Further signs of a strong U.S. economy fail to derail a slump in global equities

Brian Nick

The last week’s market highlights:

Quote of the week:

"The airplane stays up because it doesn’t have the time to fall.” – Orville Wright
Each week, we present our featured topics in the context of the major themes listed below from the Nuveen Q4 Outlook:
  • U.S. economy: Still running ahead of its peers.
  • Global economy: Trade a bigger concern outside the U.S.
  • Policy watch: Trade risks haven’t bitten the U.S. yet, but that may change.
  • Fixed income: Continue to position for rising rates.
  • Equities: The price is right outside the U.S.
  • Asset allocation: Finding pockets of opportunity.

Equities: Investors continue to sing “Bad Moon Risin’”         

It’s perfectly natural—healthy, even—for stocks to take a breather after a period in which returns outpaced earnings considerably, as they did from late 2014 through the first few weeks of 2018. Certainly, shares now valued around 15x forward earnings have thicker cushions to absorb disappointing future earnings results than they did back in January, when they were valued at about 18x. But that still doesn’t explain why the S&P 500 Index has dropped about 9% in October so far. Amid the plethora of negative headlines accompanying this selloff, there were positive developments last week, even if they were seemingly buried in the small print.
For starters, the U.S. kicked off the fourth quarter in fine form. Markit’s “flash” (preliminary) Composite Purchasing Managers’ Index (PMI), which tracks the manufacturing and service sectors, hit a three-month peak of 54.8 in October, well above the 50 mark separating expansion from contraction. Gains in new orders supported higher levels of business activity, with improving domestic economic conditions driving client demand. Encouragingly, despite the possibility that the U.S. will follow through on its threatened 25% tariff on $267 billion of Chinese imports, the outlook for business activity brightened, especially among manufacturers. At the same time, however, the effects of tariffs seem to be taking a toll. Export growth slowed, while cost pressures heated up.
Providing additional succor for equity bulls—rare as they might be these days—was the staying power of U.S. companies, which continue to pump out solid quarterly results. Through October 26, nearly half of S&P 500 Index companies have reported third-quarter earnings. Among the highlights:
  • Year-over-year earnings and sales jumped a robust 23% and 9%, respectively, just below the 25% and 9.5% recorded last period.
  • 82% of companies have registered earnings surprises, topping the second quarter’s 80% total.
  • Earnings and sales have beaten forecasts by about 6% and 1%, respectively, in line with last quarter’s tallies.
So why have equity markets been in such a foul mood—not just last week but for the month of October? Investors have been grappling with a host of issues, including fears that U.S. corporate profits growth might have peaked, Italy’s budget situation could herald a new eurozone crisis, and the global economy may be slowing, fueled by the U.S.-China trade dispute. To illustrate:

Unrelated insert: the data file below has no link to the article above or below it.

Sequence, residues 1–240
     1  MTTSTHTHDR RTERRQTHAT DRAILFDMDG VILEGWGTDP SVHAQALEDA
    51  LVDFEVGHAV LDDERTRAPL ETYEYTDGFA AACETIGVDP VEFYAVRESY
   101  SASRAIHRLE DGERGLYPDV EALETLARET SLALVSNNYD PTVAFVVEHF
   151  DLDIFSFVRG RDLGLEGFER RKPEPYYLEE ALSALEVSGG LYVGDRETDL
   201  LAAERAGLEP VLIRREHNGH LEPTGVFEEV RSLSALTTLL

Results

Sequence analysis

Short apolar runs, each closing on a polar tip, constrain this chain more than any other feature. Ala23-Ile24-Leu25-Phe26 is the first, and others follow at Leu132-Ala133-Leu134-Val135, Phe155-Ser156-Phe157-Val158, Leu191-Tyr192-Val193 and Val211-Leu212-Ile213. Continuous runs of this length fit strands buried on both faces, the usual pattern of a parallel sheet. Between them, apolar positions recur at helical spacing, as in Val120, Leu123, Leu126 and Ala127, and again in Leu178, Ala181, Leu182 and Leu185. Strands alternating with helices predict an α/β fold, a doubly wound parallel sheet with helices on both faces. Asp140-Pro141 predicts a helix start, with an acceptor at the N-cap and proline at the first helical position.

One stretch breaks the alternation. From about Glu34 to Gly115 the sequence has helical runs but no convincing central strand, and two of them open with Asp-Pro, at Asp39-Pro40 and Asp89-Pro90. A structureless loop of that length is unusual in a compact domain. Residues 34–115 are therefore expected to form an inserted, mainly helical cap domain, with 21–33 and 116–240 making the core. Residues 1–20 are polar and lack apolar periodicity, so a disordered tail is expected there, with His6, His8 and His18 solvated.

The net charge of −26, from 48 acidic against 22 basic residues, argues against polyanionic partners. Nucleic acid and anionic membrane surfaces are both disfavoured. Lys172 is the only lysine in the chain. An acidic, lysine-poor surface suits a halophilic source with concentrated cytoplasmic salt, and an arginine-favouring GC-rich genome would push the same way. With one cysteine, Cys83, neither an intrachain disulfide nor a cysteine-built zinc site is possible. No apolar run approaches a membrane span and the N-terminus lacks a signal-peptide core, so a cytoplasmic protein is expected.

• Although industrial bellwether Caterpillar beat third-quarter earnings and revenue estimates, its shares tumbled after management revealed that tariffs had raised the cost of materials by $40 million in the third quarter. Similarly, 3M was hurt amid forecasts of higher costs this year ($20 million) and next ($100 million).
  • The eurozone economy suffered its worst month in more than two years, with Markit’s Composite PMI for October dropping to 52.7. The pace of manufacturing activity in the region plunged to a near four-year low, damaged by a tariff-driven decline in exports. Service-sector activity also weakened substantially. Not surprisingly, business optimism hit its lowest level since November 2014.
  • Italy remains a sore spot. On October 23, the European Commission rejected the budget proposed by the country’s populist government. Tensions over Rome’s plans to run a deficit of 2.4% of GDP in 2019—a significant increase over previously agreed targets—have led to higher interest rates in Italy, the eurozone’s third-largest economy. The yield on 10-year Italian government bonds has jumped almost 30 basis points (0.30%) this month. 

Policy watch: Mario puts his foot down

Despite disappointing eurozone growth and angst over Italy, on October 25 the European Central Bank (ECB) confirmed plans to halt its quantitative easing (QE) program by the end of the year. Repeating prior guidance, the ECB also said it expects to keep interest rates at their present record-low levels “at least through the summer of 2019, and in any case for as long as necessary.”
Italian legislators have called for the ECB to extend its QE asset purchases, which would help restrain Italy’s borrowing costs. ECB President Mario Draghi hit back by asserting that the central bank’s mandate is “a mandate towards price stability, not towards financing governments’ deficits.”
Meanwhile, President Trump stepped up his criticism of the Federal Reserve’s interest-rate increases. Although Fed Chair Jerome Powell, Draghi’s U.S. counterpart, did not respond, his second-in-command, Fed Vice Chairman Richard Clarida, indicated in an October 25 speech that more rate hikes are in store if the U.S. economy stays on track, as the Fed anticipates.
This material is prepared by and represents the views of Brian Nick, and does not necessarily represent the views of Nuveen LLC, its affiliates or other Nuveen staff.
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